Lateral particle transport in nepheloid layers - a key factor for organic matter distribution and quality in the Benguela high-productivity area.
|Other Titles:||Lateraler Partikeltransport in Nepheloidlagen - ein Schlüsselfaktor für die Verteilung und Qualität von organischem Material im Benguela Hochproduktivitätsgebiet||Authors:||Inthorn, Maik||Supervisor:||Zabel, Matthias||1. Expert:||Zabel, Matthias||2. Expert:||Bohrmann, Gerhard||Abstract:||
This thesis aims to identify and estimate the significance of lateral transport of particulate organic matter in the deep water-column of the Benguela upwelling system (BUS) offshore southwestern Africa. Although the BUS is regarded as the most productive of the four major eastern boundary systems of the ocean, and therefore of high importance for the global marine carbon cycle, little information is available on processes and fluxes involved in particulate matter transport in this area. Above the continental slope, water layers strongly enriched in particle content are identified in intermediate water depths and in the lowermost water column. These layers are termed intermediate and bottom nepheloid layers (INLs and BNLs, respectively). In such layers, the major part of the advective particle transport is supposed to take place. A pronounced BNL covers the entire study area with maximum intensity above the outer shelf and at the shelf break. The detachment of this BNL at the shelf break feeds a major INL in 250 to 400 m water depth at 25.5Ã °S, positioned at the lower boundary of the oxygen minimum zone. Together, these strong subsurface nepheloid layers are indicators of intensive lateral particle transport from the outer shelf towards a depocenter of organic matter (OM) on the upper continental slope. The results on distribution, transport and quality of organic matter presented in this thesis confirm the major significance of lateral transport of pre-aged, but well-preserved organic particles in the highly-productive Benguela upwelling area. Many indications suggest that the results from this study are also applicable to other continental margin settings. For example, high 14C-ages of SPM and the deposition of OC-rich sediments with high hydrocarbon potential on the upper continental slope is also known from other high-productive areas of the modern ocean. Thus, the results may improve our understanding of the genesis of black shales and petroleum source rocks in the geological record, to which these depocenters may represent a modern analogue. Additionally, it is shown that advective processes have the potential to displace areas of enhanced OC burial effectively from maximum production cells along the coast towards the slope and possibly the deep-sea. These results limit the validity of often used, merely vertically oriented particle flux models. The findings from the BUS identify lateral transport as an important, yet hardly recognized, secondary mechanism, effectively transferring carbon from the atmosphere to long-term sequestration in the sediments. Therewith, the results contribute to the improvement of global models to predict the impact of environmental changes on the oceanic system.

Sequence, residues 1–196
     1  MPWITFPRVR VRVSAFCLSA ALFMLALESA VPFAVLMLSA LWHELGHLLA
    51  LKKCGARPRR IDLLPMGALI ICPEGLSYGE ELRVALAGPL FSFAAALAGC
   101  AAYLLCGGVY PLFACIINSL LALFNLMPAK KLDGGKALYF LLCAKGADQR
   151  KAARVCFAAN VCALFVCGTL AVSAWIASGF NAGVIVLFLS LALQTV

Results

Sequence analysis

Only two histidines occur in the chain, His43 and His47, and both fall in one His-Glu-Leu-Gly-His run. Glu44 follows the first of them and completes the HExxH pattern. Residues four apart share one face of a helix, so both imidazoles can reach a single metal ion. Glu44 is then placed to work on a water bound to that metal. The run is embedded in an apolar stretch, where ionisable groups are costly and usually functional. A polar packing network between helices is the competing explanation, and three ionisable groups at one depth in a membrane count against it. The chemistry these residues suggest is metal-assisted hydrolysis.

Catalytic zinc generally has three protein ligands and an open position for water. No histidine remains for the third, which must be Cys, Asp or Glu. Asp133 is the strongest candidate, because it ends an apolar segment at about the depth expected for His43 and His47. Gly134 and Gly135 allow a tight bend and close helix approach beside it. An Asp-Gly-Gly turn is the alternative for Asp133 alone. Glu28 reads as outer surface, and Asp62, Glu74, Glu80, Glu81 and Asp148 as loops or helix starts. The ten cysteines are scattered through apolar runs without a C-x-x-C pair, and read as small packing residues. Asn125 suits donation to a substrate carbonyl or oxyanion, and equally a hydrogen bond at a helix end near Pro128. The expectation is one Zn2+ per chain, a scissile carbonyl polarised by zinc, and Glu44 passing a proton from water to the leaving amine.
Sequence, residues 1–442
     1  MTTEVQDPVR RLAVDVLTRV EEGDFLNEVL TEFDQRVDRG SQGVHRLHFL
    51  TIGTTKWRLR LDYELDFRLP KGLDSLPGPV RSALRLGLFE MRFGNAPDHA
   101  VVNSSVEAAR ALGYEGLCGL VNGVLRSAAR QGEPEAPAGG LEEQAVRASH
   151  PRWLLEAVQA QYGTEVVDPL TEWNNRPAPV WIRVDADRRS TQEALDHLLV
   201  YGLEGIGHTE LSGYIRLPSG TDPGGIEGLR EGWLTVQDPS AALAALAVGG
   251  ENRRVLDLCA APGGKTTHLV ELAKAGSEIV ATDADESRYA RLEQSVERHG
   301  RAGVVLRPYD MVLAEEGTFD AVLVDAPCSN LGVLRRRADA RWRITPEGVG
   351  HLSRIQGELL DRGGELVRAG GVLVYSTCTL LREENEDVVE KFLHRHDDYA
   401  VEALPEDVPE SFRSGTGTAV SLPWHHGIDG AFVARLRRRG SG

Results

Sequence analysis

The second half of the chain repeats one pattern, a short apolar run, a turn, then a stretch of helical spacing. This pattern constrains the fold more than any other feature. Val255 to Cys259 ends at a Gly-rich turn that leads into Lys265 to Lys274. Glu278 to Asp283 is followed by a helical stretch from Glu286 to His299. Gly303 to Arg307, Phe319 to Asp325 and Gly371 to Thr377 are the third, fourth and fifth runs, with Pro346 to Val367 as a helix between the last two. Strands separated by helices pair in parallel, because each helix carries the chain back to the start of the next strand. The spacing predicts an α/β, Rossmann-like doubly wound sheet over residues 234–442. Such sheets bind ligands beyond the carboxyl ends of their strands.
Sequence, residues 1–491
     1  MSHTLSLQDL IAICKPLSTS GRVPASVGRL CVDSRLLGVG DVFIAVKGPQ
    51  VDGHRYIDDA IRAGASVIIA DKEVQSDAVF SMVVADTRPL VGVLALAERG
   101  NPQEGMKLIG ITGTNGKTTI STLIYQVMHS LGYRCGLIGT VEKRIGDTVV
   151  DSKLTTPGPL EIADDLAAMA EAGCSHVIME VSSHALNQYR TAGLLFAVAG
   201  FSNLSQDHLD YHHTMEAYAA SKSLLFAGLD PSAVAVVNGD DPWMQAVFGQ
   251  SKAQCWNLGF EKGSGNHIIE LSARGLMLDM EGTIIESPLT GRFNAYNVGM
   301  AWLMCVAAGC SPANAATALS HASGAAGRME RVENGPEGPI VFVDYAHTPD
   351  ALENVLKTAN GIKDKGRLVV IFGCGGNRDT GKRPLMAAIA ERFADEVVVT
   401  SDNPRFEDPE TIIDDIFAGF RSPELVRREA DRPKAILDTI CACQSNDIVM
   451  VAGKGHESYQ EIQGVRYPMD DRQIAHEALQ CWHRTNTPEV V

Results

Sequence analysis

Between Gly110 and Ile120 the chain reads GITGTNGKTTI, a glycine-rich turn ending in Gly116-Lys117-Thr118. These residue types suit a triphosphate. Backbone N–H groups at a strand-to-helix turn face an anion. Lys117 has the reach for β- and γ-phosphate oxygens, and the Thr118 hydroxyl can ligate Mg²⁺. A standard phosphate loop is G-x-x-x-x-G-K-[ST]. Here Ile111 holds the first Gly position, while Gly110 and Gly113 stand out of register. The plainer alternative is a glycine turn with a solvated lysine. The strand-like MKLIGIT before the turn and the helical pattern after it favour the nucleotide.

|Keywords:||nepheloid layers; organic matter; organic carbon; Benguela; south-east Atlantic; 234 thorium; suspended particulate matter; lateral transport; sediment; Rock-Eval; south-western Africa; marine carbon cycle; continental margin; Namibia; INL; BNL; bottom water sampler; nitrogen isotopes; primary production; climate; modelling; petroleum systems||Issue Date:||14-Oct-2005||Type:||Dissertation||URN:||urn:nbn:de:gbv:46-diss000102727||Institution:||Universität Bremen||Faculty:||FB5 Geowissenschaften|
|Appears in Collections:||Dissertationen|
checked on Jan 19, 2022
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